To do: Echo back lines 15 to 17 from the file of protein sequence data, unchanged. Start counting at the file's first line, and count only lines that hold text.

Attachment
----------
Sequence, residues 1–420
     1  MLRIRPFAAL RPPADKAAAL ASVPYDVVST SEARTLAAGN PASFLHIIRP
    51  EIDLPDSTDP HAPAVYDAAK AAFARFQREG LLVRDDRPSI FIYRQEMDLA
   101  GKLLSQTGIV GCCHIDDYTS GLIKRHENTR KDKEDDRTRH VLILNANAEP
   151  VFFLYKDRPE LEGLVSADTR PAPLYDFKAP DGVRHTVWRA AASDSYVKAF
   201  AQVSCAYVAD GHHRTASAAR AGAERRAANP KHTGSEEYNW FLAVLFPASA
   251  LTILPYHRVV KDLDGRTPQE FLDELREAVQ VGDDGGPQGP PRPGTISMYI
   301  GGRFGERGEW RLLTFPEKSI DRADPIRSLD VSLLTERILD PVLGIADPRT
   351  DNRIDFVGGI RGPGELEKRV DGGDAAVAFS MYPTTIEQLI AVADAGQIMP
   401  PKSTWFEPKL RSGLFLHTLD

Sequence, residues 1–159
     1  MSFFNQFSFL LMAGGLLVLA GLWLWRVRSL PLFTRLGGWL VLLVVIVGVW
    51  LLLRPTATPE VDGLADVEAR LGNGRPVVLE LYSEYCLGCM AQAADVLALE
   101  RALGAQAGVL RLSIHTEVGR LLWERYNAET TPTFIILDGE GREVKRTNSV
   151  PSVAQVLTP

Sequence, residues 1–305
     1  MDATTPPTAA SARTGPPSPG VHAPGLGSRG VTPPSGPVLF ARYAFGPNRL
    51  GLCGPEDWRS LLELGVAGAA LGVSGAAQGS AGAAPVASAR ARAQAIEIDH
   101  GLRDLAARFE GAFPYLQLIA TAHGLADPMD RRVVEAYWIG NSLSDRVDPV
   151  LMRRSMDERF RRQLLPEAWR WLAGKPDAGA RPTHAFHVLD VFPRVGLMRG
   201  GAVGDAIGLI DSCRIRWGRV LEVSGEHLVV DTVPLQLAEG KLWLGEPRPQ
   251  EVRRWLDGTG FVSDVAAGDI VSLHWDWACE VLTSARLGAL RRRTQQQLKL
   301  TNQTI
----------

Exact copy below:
   151  PSVAQVLTP

Sequence, residues 1–305
     1  MDATTPPTAA SARTGPPSPG VHAPGLGSRG VTPPSGPVLF ARYAFGPNRL